Author + information
- Yariv Gerber, PhD†∗ (, )
- Vicki Myers, MSc†,
- David M. Broday, DSc‡,
- David M. Steinberg, PhD§,
- Yuval, PhD‡,
- Silvia Koton, PhD‖ and
- Yaacov Drory, MD¶
- †Department of Epidemiology and Preventive Medicine, School of Public Health, Sackler Faculty of Medicine, Tel Aviv University, Tel Aviv, Israel
- ‡Division of Environmental, Water and Agricultural Engineering, Faculty of Civil & Environmental Engineering, Technion, Israel Institute of Technology, Haifa, Israel
- §Department of Statistics and Operations Research, School of Mathematical Sciences, Raymond and Beverly Sackler Faculty of Exact Sciences, Tel Aviv University, Tel Aviv, Israel
- ‖Stanley Steyer School of Health Professions, Sackler Faculty of Medicine, Tel-Aviv University, Tel Aviv, Israel
- ¶Department of Rehabilitation, Sackler Faculty of Medicine, Tel Aviv University, Tel Aviv, Israel
- ↵∗Department of Epidemiology and Preventive Medicine, School of Public Health, Sackler Faculty of Medicine, Tel Aviv University, Tel Aviv 69978, Israel
To the Editor:
Exposure to air pollution is virtually ubiquitous, and has been associated with the development of a multitude of chronic illnesses. We have previously shown that chronic exposure to particulate matter ≤2.5 μm in diameter (PM2.5) is associated with an increased risk of readmissions and adverse cardiovascular events after myocardial infarction (MI) (1). MI patients are a heterogeneous population in terms of prognosis, exhibiting a wide range of risk profiles. Frailty, a nonspecific, age-related syndrome of increasing vulnerability and decreasing resistance to stressors (2), has been demonstrated as an important determinant of post-MI mortality and hospital admissions (3), and hence, may account for some of the variability in outcome. Although there is some evidence of an association between air pollution and the development of frailty after MI (4), it is not known whether frailty affects the association between PM2.5 and post-MI prognosis. This study aimed to investigate whether frailty modifies the relationship between chronic exposure to PM2.5 and mortality risk in a geographically-defined cohort of MI survivors to determine whether frail patients are more susceptible to air pollution exposure.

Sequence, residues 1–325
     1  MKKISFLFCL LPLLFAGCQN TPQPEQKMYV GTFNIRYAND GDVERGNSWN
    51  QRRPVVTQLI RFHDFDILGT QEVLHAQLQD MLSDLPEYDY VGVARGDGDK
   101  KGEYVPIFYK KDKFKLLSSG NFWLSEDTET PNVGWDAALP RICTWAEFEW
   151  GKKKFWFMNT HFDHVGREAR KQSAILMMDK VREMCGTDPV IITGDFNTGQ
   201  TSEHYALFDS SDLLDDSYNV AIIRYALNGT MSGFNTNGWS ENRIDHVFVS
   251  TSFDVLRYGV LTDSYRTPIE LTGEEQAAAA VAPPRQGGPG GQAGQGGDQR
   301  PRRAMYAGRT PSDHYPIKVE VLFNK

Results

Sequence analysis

Patients age ≤65 years with first MI, admitted from February 1992 to February 1993 to the 8 hospitals serving the population of central Israel, were recruited to the Israel Study of First Acute Myocardial Infarction (1,3,4). Of an initial 1,545 consecutive patients who survived to discharge, 1,120 were included in the analysis–the remainder were excluded as a result of either insufficient data for geocoding of residential location or insufficient reliability of the estimated exposure metric, as specified elsewhere (1,4). Patients were followed from index MI to November 2011 for all-cause mortality and to December 2005 for cause-specific mortality (1). A detailed description of PM2.5 exposure assessment was previously published (1,4). Briefly, daily measures of PM recorded at air quality monitoring stations in the study area were summarized and chronic exposure was defined as the mean pollutant concentration at each patient’s home address. The spatial distribution of exposure was calculated using the ordinary kriging interpolation method. Because an increasing number of monitoring stations were fully operational over time, we selected the years 2003 to 2005 as a representative exposure period. Frailty was assessed at baseline using a multidimensional 32-item frailty index adapted from a model developed by Rockwood and Mitnitski (2). Data were collected from medical records and personal interviews conducted during the first week after index hospitalization. The frailty index–comprising self-rated health, functional limitations, comorbid conditions, weight loss, and physical activity–was previously validated in this cohort (3). Data on socioeconomic status measures, cardiovascular risk factors, and MI characteristics and severity were obtained at baseline. The Cox proportional hazards model was used to assess the hazard ratio for all-cause mortality risk associated with chronic PM2.5 exposure, overall and by frailty score. A further analysis examined associations with cause-specific mortality (cardiovascular and noncardiovascular), with death from other causes considered a competing risk.